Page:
So often we put off enjoying our lives because we are alone. Instead of doing things that bring us happiness, we wait. We wait until we find that special someone or we wait until we can get a group of friends together. Let's end the waiting and learn to enjoy our own company. Take a solo trip. Take yourself out to dinner. Do whatever you want to do–with YOU. I guarantee when you learn to be happy by yourself, that energy will bring people to you. Not to mention, life is short. Don't wait on other people to LIVE.
If you're someone who gets easily bored when you're alone, here are some tips to make your solo time more bearable and even fun:
1. Create a playlist of your favorite songs and dance around your house or apartment like you're in a music video!
2. Organize your space. You know that closet or junk drawer you've been meaning to clear out. . .do it!
3. Lose yourself in a good book!
4. Listen to some interesting and uplifting podcasts.
5. Compile a list of movies or TV shows to binge watch on your day off.
Just make sure you're making a conscious effort to enjoy your own company–your peace, quiet, and YOU time!
(photo courtesy of Unsplash)
Since the beginning of time men have been policing women's bodies. Telling us what to do, how to dress, setting standards of beauty, and non-beauty. What the actual hell? I remember watching an episode of Living Single in the 90's and Kim Field's character, Regine asked Queen Latifah's character, Khadija what she thought the world would be like without men. To which Khadija quickly replied, "A bunch of fat, happy women and no crime."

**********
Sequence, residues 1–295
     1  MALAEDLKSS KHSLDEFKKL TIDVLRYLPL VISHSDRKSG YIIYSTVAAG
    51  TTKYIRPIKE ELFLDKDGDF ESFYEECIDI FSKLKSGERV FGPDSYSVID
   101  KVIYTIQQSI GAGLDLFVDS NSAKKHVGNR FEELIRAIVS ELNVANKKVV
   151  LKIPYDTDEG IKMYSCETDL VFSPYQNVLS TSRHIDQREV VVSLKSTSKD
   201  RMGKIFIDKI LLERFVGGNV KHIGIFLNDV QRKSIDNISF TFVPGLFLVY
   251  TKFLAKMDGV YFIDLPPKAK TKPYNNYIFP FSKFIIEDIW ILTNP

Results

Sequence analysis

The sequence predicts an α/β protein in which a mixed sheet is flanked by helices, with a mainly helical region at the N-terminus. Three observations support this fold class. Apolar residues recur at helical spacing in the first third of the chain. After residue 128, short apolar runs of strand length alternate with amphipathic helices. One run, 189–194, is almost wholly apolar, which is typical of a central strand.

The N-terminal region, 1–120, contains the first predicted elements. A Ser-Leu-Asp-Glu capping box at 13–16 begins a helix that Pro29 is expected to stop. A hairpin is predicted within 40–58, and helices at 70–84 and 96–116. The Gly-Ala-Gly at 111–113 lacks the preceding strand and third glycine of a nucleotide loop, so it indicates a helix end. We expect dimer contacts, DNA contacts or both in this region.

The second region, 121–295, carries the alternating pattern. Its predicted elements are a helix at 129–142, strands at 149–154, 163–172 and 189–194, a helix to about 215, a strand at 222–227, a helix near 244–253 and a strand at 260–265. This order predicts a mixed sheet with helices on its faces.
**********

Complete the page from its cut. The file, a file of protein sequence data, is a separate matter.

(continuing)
Most of us have been hyper aware of our appearance since we sprouted breasts, wanting to look appealing to boys then later men. Or to fit some random (often impossible) standard of beauty set by MALE magazine and TV executives. But by the time you reach your fifties, you realize your body will never be like to was in your twenties, in some cases not even your thirties or forties. Whether it has undergone physical changes on the outside, or physiological changes on the inside. At the end of the day, we should be thankful that our bodies are still working and functioning properly because that's what matters most.
Your body is an imperfect vessel that has carried you for the last five decades, it deserves to be cherished and loved by YOU. Who cares what anyone else–especially a man–thinks! At this age and stage, it's about low blood pressure, low A1C and low cholesterol. Adopt a healthier lifestyle to add years to your life, not to fit in a swimsuit by summer. Focus on the main thing, and who knows, maybe in the end you'll still be able to rock that new swimsuit!
Every year when February rolls around (how is it February again!?) I think about the significance of Black History Month. Although we can and should celebrate black history aka American history year round, it's gratifying to know the world is focused on US and all we've accomplished and contributed during this month.
I also think how WE as women in our fifties, who have lived five decades of life (with many more ahead of us, prayerfully), we too are black history. Our stories are leaving an indelible mark on those we've encountered over the years. If you are a parent, teacher, co-worker, author, activist, friend, or anyone who has contributed to the lives of others, many years from now long after you cease to be–there will be someone who will tell the tale and stories of remembrance of your life. And in that moment, you will live on forever.